There’s a lot of exciting work being done in battery technology…yet your future electronic devices may end up being powered by a supercapacitor instead if research into this area pays off. Environmentally, it’s pretty awesome…graphene is of course carbon, which is plentiful and non-toxic (potentially, you could even throw a used graphene supercapacitor into your compost bin!). These supercapacitors can store a lot of energy and be recharged extremely quickly (like 100-1000 times faster than a battery). It’ll be interesting to see which wins out here…advanced battery technologies, or supercapcitors? Stay tuned to Peak Geek for all the latest on that, and in the meantime, check out the video below describing these graphene supercapacitors (I love that word, especially as they didn’t mention ‘nano’ anything).
While there are many methods of converting heat energy into electrical energy, they’re typically inefficient (thermoelectric) or need to be done at a larger scale (steam turbines). Researchers at the Hong Kong Polytechnic University are showing promising results with a different approach. You see, the atoms in a liquid are in constant motion. They found that when copper ions collided with a strip of graphene immersed in a solution, the collision dislocated an electron out of the graphene, and it then traveled through the graphene strip, essentially replicating the function of a battery and illuminating an LED as a result.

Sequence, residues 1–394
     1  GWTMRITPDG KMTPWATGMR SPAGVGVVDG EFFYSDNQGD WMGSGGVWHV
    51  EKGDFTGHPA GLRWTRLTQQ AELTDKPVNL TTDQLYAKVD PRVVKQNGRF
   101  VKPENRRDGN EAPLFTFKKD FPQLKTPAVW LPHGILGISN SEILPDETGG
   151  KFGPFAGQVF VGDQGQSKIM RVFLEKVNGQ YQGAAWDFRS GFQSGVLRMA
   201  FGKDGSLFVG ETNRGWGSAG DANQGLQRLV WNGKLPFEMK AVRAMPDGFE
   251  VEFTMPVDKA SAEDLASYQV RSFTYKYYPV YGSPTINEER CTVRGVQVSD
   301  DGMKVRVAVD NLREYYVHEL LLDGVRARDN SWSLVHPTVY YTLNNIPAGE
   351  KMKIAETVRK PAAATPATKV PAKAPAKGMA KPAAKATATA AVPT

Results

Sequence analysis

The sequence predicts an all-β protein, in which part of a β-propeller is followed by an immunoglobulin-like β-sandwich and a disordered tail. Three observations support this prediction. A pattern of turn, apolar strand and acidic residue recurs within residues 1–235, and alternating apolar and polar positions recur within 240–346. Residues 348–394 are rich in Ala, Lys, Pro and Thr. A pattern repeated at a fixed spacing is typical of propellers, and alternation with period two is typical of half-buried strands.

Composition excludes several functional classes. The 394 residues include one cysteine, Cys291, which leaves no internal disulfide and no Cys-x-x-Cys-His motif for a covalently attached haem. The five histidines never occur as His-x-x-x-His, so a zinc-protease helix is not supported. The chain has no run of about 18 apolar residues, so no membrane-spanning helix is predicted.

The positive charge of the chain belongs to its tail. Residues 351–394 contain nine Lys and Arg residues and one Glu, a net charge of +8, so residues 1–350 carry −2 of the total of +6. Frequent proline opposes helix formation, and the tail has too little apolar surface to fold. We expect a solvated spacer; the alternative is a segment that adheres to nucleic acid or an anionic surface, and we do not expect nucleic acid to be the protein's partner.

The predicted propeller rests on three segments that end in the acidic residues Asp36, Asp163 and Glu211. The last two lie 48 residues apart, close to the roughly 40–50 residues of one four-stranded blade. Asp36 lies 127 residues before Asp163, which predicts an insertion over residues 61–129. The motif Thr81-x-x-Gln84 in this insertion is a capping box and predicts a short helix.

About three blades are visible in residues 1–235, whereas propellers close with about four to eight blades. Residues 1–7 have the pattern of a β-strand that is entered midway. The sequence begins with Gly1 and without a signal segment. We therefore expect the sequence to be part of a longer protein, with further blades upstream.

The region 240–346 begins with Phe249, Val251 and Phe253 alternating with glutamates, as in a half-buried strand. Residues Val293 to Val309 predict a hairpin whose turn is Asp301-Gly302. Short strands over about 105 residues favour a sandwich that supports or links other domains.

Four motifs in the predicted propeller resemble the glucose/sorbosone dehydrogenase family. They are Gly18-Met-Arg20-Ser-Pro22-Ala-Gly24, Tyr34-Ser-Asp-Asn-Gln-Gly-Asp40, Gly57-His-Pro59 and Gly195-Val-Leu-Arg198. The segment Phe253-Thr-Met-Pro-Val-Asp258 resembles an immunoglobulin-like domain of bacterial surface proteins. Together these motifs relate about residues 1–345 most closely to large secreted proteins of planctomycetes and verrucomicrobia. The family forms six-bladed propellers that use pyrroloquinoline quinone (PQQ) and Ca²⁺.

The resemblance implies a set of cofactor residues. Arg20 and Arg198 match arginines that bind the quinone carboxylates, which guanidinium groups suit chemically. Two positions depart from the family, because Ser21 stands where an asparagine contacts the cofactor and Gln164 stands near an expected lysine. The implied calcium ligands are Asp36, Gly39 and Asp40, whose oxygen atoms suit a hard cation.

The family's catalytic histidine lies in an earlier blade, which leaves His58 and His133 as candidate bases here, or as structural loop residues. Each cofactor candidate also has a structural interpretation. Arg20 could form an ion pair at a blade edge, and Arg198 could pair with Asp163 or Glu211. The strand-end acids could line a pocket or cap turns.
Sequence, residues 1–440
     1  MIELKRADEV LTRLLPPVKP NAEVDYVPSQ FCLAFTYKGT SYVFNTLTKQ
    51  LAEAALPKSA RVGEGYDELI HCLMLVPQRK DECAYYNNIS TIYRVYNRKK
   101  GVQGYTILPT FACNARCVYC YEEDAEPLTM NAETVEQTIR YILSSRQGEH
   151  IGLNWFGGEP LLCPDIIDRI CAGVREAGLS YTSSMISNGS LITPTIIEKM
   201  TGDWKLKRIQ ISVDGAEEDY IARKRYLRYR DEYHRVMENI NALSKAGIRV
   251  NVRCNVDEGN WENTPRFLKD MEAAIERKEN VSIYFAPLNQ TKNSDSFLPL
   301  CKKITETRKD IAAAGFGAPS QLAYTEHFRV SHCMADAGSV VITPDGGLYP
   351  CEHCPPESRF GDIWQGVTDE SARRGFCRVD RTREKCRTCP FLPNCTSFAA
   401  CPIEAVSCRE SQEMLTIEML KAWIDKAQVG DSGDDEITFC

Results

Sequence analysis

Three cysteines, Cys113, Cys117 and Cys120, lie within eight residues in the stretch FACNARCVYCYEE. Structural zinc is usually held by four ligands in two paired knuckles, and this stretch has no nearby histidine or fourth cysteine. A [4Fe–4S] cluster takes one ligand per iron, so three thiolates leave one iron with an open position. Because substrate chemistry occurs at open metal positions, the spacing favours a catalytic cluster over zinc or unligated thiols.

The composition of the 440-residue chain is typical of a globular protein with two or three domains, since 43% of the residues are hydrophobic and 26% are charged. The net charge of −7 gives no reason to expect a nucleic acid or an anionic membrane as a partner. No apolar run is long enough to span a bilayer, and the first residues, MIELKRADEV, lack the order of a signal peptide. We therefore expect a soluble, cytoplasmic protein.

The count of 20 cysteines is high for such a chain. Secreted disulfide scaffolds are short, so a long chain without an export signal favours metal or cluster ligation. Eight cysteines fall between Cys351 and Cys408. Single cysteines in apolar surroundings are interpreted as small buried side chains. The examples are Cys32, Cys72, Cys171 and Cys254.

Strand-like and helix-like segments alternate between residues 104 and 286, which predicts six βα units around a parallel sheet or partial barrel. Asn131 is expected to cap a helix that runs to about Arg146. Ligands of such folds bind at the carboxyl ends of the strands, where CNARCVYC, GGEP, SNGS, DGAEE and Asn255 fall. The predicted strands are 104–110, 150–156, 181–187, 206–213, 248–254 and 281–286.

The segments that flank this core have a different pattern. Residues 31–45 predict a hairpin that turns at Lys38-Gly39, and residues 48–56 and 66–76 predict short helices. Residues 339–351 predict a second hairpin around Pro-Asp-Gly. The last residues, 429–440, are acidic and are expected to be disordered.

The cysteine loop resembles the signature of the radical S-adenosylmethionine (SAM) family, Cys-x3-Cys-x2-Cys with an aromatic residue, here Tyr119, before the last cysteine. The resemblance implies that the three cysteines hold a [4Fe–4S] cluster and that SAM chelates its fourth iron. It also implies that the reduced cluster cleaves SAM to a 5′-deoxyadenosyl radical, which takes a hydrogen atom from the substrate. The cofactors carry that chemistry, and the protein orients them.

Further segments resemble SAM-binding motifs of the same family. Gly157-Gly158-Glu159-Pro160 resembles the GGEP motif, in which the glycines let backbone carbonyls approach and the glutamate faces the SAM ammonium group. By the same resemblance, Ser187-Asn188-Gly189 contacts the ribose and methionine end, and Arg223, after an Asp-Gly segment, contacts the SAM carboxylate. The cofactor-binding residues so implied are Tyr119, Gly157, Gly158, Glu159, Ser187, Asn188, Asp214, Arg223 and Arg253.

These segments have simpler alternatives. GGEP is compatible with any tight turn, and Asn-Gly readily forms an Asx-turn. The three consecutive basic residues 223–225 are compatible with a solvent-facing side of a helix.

As with any science, further tests are needed to verify the reaction and rule out secondary effects being responsible (such as chemical reactions). If validated, though, this has enormous potential, for it would enable the generation of electrical energy from any heat source (something planet has no shortage of). It’ll be interesting to see if this pans out.
Read more here.